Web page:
For example, Frank Sinatra was better than many other—most, even—male pop singers of his time. And it wasn't merely because he had a good voice that could carry a tune sweetly. If anything, he became a better singer as he grew older, as he had more to say, even if his voice was not quite as sweet-sounding as it was in his youth. No less an authority than Nelson Riddle, the great arranger who helped create Sinatra's finest recordings, said, "I didn't care for his original voice. I thought it was far too syrupy. I prefer to hear the rather angular person come through in his voice."

Some wines, like some singers, also have more to say. And they manage, vintage after vintage, decade after decade, to express this "content" more persuasively than others. Such wines are better, full stop. You might like them. You might not. It doesn't matter, actually—except when it comes time to choose what to buy.

But to understand and appreciate the greatness of such wines, you have to understand, as Mr. Salonen suggests, the "rules": Complexity. Harmony. Cohesion. Nuance. Finesse. Surprise (call it originality if you like). The list differs from taster to taster, with one or another taster emphasizing one feature over another. No matter. What does matter is that it's real. And, as Mr. Salonen suggests, we shouldn't apologize for it.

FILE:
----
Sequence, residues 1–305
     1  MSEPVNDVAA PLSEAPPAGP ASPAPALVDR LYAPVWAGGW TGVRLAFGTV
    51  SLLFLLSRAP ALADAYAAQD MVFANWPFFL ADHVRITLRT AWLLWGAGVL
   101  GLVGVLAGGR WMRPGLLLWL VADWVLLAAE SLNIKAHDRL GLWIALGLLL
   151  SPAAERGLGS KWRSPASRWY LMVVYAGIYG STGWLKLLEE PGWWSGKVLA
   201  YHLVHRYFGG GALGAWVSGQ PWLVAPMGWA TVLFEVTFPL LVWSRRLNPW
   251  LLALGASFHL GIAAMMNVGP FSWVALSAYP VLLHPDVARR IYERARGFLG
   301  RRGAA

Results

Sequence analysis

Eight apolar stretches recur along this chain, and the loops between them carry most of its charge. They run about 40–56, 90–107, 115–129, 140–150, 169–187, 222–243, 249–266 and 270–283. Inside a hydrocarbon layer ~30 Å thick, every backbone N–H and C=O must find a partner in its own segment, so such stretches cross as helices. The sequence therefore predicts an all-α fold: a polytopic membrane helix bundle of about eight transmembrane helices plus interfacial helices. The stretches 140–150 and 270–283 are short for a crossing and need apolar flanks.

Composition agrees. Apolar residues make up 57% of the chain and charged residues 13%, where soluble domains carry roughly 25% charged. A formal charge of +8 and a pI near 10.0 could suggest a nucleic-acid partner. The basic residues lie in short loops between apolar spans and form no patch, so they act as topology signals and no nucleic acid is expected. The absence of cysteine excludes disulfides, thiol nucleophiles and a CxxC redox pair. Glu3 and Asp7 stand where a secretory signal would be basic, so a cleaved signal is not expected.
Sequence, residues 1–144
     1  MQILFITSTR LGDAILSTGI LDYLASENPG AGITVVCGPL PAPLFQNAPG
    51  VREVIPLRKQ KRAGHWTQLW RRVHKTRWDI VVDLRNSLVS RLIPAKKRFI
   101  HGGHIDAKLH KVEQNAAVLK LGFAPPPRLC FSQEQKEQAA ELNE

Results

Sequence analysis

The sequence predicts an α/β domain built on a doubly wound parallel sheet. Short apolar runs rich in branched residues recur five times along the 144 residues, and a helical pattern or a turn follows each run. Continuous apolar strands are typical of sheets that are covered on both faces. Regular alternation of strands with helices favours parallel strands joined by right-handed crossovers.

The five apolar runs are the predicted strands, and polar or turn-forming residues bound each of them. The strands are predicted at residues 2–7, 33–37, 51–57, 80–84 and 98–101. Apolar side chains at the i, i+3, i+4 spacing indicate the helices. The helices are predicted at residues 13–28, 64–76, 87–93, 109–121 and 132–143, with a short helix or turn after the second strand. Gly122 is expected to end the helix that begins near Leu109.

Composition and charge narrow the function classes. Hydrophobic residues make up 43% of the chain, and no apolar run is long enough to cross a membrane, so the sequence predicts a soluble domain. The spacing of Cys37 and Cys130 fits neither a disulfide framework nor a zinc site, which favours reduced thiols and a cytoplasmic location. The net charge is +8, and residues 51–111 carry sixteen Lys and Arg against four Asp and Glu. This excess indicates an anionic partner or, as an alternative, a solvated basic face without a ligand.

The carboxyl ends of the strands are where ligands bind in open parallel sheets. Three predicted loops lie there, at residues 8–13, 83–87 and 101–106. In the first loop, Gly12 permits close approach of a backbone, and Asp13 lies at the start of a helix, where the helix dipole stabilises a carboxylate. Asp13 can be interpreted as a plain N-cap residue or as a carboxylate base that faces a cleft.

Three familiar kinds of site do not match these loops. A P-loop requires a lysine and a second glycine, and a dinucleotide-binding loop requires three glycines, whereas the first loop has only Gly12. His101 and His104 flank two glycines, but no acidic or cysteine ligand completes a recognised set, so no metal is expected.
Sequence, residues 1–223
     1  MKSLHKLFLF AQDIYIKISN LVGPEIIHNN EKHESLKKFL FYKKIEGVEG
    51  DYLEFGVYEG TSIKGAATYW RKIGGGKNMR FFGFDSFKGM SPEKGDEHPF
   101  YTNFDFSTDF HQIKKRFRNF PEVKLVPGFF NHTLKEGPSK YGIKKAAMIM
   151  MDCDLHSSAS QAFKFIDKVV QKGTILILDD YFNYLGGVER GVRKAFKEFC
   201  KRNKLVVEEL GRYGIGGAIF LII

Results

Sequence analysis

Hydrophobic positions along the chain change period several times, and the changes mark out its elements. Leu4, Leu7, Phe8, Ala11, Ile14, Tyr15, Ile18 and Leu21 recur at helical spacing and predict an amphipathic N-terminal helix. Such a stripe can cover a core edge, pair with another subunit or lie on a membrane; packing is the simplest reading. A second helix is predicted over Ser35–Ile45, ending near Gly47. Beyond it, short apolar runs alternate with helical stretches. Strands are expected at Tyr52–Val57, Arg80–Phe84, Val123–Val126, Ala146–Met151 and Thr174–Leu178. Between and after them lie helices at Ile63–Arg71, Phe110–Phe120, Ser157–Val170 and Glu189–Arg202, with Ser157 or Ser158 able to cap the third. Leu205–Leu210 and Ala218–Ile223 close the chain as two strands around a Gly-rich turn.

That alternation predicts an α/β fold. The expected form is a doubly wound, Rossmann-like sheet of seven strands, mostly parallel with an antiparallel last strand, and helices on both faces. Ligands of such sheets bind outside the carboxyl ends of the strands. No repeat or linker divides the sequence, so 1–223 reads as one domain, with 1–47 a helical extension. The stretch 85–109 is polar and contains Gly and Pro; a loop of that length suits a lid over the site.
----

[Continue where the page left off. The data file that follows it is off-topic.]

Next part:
Rick Jones
Mesquite Texas USA —  May 3, 2016 1:20pm ET
WS should have a "like" button to press as do certain other web sites. I don't have anything to say or add but I did enjoy the article. It would be nice to be able to let you know.
Matt Kramer
Portland, Oregon —  May 3, 2016 1:42pm ET
Mr. Jones: Thank you. It's very kind of you to say so.
John R Slater
Canton Ohio —  May 4, 2016 2:59pm ET
I'm a big fan but I'm worried about you. I sense in you a boredom or dissatisfaction with wine. Your recent postings seem to mostly discuss the philosophical or abstract parts of the wine world. I enjoy these pieces but worry that you've grown tired of the nitty-gritty of everyday wine details. You OK?
Matt Kramer
Portland, Oregon —  May 4, 2016 4:11pm ET
Mr. Slater: Thanks for your concern. I assure you that I'm very far from being either bored or dissatisfied with wine. Quite the opposite. After 40 years of writing about wine, I'm more gripped by the diversity and excitement of what's available to us today than ever before.

I like to think that I've done a good bit of highlighting less-well-known wine districts (and wines) that I, anyway, think deserve attention. You won't have to look back very far in Wine Spectator's archives to see my discussions about Portugal, Madeira, various districts in Australia such as Margaret River, Clare Valley and Hunter Valley, Spanish districts such as Ribeira Sacra and grapes such as Mencía and so forth.